Hepatocellular Carcinoma in the 3rd Millennium


Massimiliano Berretta, MD, PhD (Editor)
Department of Medical Oncology, CRO Aviano National Cancer Institute IRCCS, Via Franco Gallini, Aviano, Italy

Bruno Cacopardo, MD (Editor)
Division of Infectious Disease, “Garibaldi-Nesima” Hospital, University of Catania, Catania, Italy

Series: Cancer Etiology, Diagnosis and Treatments
BISAC: MED062000

HCC is the most common primary cancer of the liver and according to the WHO report, the fourth commonest cause of death. The estimated incidence of new cases worldwide is about 500,000-1,000,000 per year causing 600,000 deaths globally per year. Although there are large areas of the world where the incidence of HCC is still unknown, several countries in East Asia and some Sub-Saharan African regions are affected by a very high prevalence of HCC (over 20 cases/100,000 population). Areas with a moderately high risk (11-20 cases/100,000 population) include Italy, Spain and Latin America, while France, Germany and the United Kingdom have instead an intermediate risk (5-10 cases/100,000 population). A relatively low prevalence (less than 5 cases/100,000 population) is found in the United States, Canada and Scandinavia. The incidence of HCC has been rising in developed western countries in the last two decades, along with the emergence of the hepatitis C virus infection and due to the rise of immigration rates from HBV-endemic countries.

In addition, even though the incidence of HCC reaches its highest peak among persons over 65 years, an increased incidence among younger individuals has been noted in the last two decades both in USA and Europe. A multidisciplinary approach should be taken when assessing patients with HCC; stage of HCC and liver disease should always be taken into account and the best treatment should be offered. Liver resection and ablative treatments should never be denied to patients, and curative procedures should be performed in hepato-biliary-pancreatic centers. Each HCC patient has to be evaluated singularly, stratifying each time the risk for the procedure so as to determine which treatment is the best treatment. It is also important to analyze all the possibilities that can be offered. This similar approach showed a good efficacy and safety in all “frail” patient categories, such as elderly patients or patients with HCC and HIV infection. Early diagnosis of HCC and retreatment for HCC recurrence have a key role in the survival of patients. Therefore, regular screening programs for HCC should be extended to all patients according to proposed guidelines, together with a greater proclivity for treatment and retreatment options in cases of an HCC diagnosis or recurrence. This may be an important and needed breakthrough for this rising problem.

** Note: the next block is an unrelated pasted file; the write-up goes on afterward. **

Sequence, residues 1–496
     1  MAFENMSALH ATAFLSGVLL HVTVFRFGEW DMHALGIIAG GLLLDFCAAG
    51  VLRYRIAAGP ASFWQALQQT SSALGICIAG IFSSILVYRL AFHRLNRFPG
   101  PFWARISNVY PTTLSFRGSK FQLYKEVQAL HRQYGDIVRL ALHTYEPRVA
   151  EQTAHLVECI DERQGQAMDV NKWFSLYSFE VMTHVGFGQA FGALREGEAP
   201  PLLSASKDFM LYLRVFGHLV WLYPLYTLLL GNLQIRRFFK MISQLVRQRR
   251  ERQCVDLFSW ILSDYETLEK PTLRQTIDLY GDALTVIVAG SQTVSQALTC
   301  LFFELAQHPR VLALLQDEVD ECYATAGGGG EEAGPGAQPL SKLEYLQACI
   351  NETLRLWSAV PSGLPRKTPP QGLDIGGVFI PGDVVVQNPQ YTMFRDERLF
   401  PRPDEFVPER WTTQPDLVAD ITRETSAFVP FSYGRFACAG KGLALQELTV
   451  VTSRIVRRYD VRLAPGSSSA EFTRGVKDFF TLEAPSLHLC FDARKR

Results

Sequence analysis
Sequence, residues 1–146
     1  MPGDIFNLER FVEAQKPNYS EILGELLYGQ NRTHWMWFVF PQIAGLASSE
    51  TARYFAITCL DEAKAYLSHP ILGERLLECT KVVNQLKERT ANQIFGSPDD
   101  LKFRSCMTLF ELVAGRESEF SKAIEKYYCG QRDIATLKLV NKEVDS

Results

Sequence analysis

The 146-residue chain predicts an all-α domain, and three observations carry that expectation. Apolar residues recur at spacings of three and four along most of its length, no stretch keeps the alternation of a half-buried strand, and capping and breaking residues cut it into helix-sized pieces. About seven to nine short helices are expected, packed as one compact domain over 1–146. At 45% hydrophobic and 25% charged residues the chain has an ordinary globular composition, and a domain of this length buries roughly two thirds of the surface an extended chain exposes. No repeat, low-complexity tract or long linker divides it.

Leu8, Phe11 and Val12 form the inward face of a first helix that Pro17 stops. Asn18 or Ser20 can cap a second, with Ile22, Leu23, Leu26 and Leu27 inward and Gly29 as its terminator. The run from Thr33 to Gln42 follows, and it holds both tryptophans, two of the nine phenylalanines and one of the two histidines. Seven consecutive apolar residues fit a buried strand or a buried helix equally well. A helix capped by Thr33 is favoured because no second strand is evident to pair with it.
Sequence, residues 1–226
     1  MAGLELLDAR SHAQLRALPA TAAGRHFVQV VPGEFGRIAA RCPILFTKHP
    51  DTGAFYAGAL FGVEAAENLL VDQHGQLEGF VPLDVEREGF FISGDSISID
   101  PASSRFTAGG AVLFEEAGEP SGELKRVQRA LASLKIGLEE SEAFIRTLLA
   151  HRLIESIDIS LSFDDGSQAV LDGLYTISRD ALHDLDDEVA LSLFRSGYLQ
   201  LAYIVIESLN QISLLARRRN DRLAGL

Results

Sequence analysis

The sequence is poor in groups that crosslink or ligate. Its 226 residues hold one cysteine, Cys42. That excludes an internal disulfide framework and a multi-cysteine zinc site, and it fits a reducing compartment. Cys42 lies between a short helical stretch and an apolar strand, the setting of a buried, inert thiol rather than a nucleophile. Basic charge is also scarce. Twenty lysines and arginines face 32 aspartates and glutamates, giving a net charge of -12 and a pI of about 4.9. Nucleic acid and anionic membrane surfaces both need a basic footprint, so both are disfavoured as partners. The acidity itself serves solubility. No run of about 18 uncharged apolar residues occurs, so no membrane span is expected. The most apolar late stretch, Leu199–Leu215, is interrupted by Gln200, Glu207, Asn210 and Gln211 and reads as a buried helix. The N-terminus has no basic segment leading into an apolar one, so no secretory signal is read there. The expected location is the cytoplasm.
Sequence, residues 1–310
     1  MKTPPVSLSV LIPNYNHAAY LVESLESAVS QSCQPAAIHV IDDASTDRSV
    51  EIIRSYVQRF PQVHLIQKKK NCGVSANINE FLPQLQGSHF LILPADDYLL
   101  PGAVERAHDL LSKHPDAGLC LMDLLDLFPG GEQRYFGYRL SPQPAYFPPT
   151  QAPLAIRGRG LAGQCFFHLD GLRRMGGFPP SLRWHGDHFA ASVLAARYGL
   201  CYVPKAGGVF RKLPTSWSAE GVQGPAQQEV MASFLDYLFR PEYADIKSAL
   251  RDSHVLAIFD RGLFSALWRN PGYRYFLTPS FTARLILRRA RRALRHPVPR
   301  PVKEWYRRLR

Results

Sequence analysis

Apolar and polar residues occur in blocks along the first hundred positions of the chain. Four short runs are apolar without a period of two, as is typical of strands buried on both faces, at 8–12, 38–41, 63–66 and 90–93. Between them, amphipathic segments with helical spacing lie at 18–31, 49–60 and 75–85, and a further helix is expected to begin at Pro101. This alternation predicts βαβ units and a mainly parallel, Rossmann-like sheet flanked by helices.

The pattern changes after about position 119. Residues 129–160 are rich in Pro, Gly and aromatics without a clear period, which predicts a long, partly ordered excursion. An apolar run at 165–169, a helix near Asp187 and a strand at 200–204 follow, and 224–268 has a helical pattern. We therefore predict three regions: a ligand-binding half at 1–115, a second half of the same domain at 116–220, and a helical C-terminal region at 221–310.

(Imprint: Nova Biomedical)

Table of Contents

Table of Contents



Chapter 1
The Epidemiology of Hepatocellular Carcinoma
(Marilia Rita Pinzone and Bruno Cacopardo, Department of Clinical and Experimental Medicine, Division of Infectious Diseases, University of Catania, Catania, Italy)

Chapter 2
Risk Factors for Hepatocellular Carcinoma
(Marilia Rita Pinzone, Giuseppe Nunnari and Bruno Cacopardo, Department of Clinical and Experimental Medicine, Division of Infectious Diseases, University of Catania, Catania, Italy)

Chapter 3
Hepatocellular Carcinoma Genetic Landscape
(Michele Simbolo, Paola Capelli, Ivana Cataldo and Aldo Scarpa, Department of Pathology and Diagnostics, University and Hospital Trust of Verona, Verona, Italy)

Chapter 4
Non-Invasive Diagnosis of Hepatocellular Carcinoma
(M. D’Onofrio, E. Demozzi, R. De Robertis, S. Crosara and R. Pozzi Mucelli, Department of Radiology, G.B. Rossi Hospital –
University of Verona, Italy)

Chapter 5
Screening and Surveillance: Hepatocellular Carcinoma
(Russello Maurizio, Director Division of Hepatology, Centro di Riferimento Regionale per le Malattie del Fegato, ARNAS Garibaldi Hospital, Catania, Italy)

Chapter 6
Primary Prevention of Hepatocellular Carcinoma
(Rossella Fontana Del Vecchio, Bruno Cacopardo, Department of Clinical and Experimental Medicine, University of Catania, Italy)

Chapter 7
Natural History of Hepatocellular Carcinoma
(Alessandra Mataloni Paggi, Anna Marigliano, Marcello Tavio, Division of Infectious Disease “Ospedali Riuniti delle Marche”, Pescara, Italy)

Chapter 8
Clinico-Pathological and Molecular Findings in Hepatocellular Carcinoma
(Vincenzo Canzonieri, Lara Alessandrini, Laura Caggiari, Tiziana Perin, Massimiliano Berretta, Renato Cannizzaro and Valli De Re, Pathology Unit, Centro di Riferimento Oncologico (CRO), Aviano National Cancer Institute, IRCCS, Aviano (PN) Italy, and others)

Chapter 9
Treatment Approach of HCC
(Andrea Ruzzenente, Alessandro Valdegamberi, Simone Conci and Alfredo Guglielmi, Department of Surgery, Division of General and Hepatobiliary Surgery, Unit of Hepato-Pancreatico-Biliary surgery, University of Verona Medical School, Verona, Italy)

Chapter 10
Hepatocellular Carcinoma: Palliative and Supportive Treatment
(Ottaviano M. Tomassi1 and Daniele Bernardi, Senior Assistant, Medical Oncology Unit, Ospedale Civile, San Donà di Piave (VE), Italy, and others)

Chapter 11
New Entities in the Treatment of Hepatocellular Carcinoma: HIV-Positive and Elderly Patients
(Massimiliano Berretta, Valli De Re, Paolo De Paoli, Vincenzo Canzonieri, Raffaele Di Francia, Fabrizio Di Benedetto and Umberto Tirelli, Medical Oncology A Unit, National Cancer Institute, IRCCS, Aviano (PN), Italy, and others)

Chapter 12
Multidisciplinary Approach for the Management and the Treatment of Hepatocellular Carcinoma (HCC): New Perspectives
(Ferdinando Martellotta, Department of Medical Oncology, Centro di Riferimento Oncologico, National Cancer Institute of Aviano, Aviano PN, Italy)


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